One of the benefits of being an Aligned and Well Facebook friend, besides the obvious prestige, is when I do a Q&A session. Last week I requested friends to ask a quick question. You can see what I got below. Some are easy-to-answer, and others are more like, Hey Katy, I know that instead of doing anything else, you’d like to write a small novel.
Here we go:
Quick assessment tool or physical practice to use while stressed out and waiting in line?
Um, please state all questions in the form of a question. I’m assuming you meant to ask, What is a quick assessment tool or physical practice I can use while stressed out and waiting in line? Right?
Step one, accept your reality. You have chosen to stand in line. If you didn’t choose it, you could leave. So being stressed is your choice. Opt to not be stressed. Then, once you’re like COOL, I’ve been wanting a little free time to work on my alignment and now I can cuz I’m awesomely standing in this line,
1. Straighten your feet.
2. Make sure your feet are pelvis width.
3. Externally rotate your thighs (as seen on this video)
4. Back your hips up to put your weight back in your heels.
5. Drop your ribs.
6. Ramp up your head (as seen on this video).
What is a good method to treat and prevent plantar fasciitis?
Stretch your calves. Stretch your hamstrings. Get out of heeled shoes. Get your pelvis back where it belongs. Do your intrinsic foot exercises. Buy my book, Simple Steps To Foot Pain Relief.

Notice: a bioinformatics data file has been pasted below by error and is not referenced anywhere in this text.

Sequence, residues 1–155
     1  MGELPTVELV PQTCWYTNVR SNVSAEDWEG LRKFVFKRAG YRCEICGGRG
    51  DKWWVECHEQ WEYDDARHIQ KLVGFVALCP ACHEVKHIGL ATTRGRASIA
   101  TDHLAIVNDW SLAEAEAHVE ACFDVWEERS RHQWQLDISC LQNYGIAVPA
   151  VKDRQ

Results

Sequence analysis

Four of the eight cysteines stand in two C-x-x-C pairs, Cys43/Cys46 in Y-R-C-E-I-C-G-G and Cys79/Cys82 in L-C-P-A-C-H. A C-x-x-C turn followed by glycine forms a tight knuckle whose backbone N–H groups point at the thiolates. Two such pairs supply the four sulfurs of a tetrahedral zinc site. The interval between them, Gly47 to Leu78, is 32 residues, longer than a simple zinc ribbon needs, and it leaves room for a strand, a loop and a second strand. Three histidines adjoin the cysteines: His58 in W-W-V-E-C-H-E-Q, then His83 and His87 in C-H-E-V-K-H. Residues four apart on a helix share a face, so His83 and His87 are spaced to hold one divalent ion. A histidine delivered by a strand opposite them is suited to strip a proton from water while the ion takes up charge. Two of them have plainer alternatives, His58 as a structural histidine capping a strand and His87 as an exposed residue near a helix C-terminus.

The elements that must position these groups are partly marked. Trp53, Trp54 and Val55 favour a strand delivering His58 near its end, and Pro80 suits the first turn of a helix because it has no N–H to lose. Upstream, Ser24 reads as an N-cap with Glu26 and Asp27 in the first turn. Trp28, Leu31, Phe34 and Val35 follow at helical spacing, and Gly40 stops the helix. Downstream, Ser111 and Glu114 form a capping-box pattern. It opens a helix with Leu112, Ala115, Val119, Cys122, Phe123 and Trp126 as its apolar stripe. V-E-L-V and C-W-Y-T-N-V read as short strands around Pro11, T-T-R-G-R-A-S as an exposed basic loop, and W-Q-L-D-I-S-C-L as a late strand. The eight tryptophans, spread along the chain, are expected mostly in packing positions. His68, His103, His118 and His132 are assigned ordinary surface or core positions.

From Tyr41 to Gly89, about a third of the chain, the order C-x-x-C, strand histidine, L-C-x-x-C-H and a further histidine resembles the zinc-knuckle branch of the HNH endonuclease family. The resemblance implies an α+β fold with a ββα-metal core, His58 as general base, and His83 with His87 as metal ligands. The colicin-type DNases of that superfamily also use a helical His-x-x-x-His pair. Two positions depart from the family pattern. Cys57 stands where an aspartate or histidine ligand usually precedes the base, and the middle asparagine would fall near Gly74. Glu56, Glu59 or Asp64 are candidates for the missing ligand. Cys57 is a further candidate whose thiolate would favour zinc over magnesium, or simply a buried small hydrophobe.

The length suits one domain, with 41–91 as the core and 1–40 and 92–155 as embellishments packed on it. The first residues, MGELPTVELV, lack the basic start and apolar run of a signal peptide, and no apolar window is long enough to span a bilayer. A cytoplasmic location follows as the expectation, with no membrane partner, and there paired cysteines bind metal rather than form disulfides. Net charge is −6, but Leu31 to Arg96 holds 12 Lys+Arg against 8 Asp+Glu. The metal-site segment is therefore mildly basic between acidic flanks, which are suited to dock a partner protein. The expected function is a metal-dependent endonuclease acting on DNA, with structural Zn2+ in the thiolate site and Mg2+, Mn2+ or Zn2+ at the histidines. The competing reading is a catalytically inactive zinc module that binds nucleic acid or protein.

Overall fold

Please discuss the patterning that would cause a person's elbow to be perpetually flexed. (Hands hanging slightly forward of torso). Anything other than tight biceps?
The slightly bent, slightly orangutan like appearance of the arms (shoulder joints internally rotated, elbows bent) often starts as a choice of postural habit. Posture is often used to communicate and this choice of arm position is often used by the male animal population to convey increased size. Many creatures in nature will use this technique to secure alpha status when in combat.
In addition to preferred stance, unbalanced exercise programs limited to biceps, chest, upward trapezius contraction, coupled with sitting, driving, computering habits will change the length of the tissues making relaxation of this posture difficult.
How should it feel when you stretch your hamstrings? I experience 2 things, burning/tingling/pain, and then a deeper long pull which doesn't hurt, both sensations located in the calf, behind the knee, and up the back of the thigh.
It’s going to feel how it feels. That all sounds about right though. Let me know if you feel it in your left ear. Then we should talk.
Working squats into your day?
Question. I said QUESTION.
You can squat to go to the bathroom.
You can squat to play with your kids.
You can squat to fold laundry.
You can squat to play craps illegally with your neighbors.
You can squat in your office chair, but only if your office has blinds.
What makes people's big toes come off the ground when they squat?
Incorrect muscle recruitment. The same thing that causes your face to contort when trying to do something difficult.
I have just like one fingerwidth of diastasis recti going on and I was hoping you could make some suggestions on how to make that go away (without surgery...)
It can go away without surgery, but you need to fix your alignment and find your core musculature. Stop thrusting your pelvis forward. Get out of positive heeled shoes. Strengthen your posterior muscles. Stop lifting the ribs. Stop sucking in your stomach. Find your TVA.
How about that post about varicose veins?
How about it, indeed! Prompt noted.
Can bunions be corrected?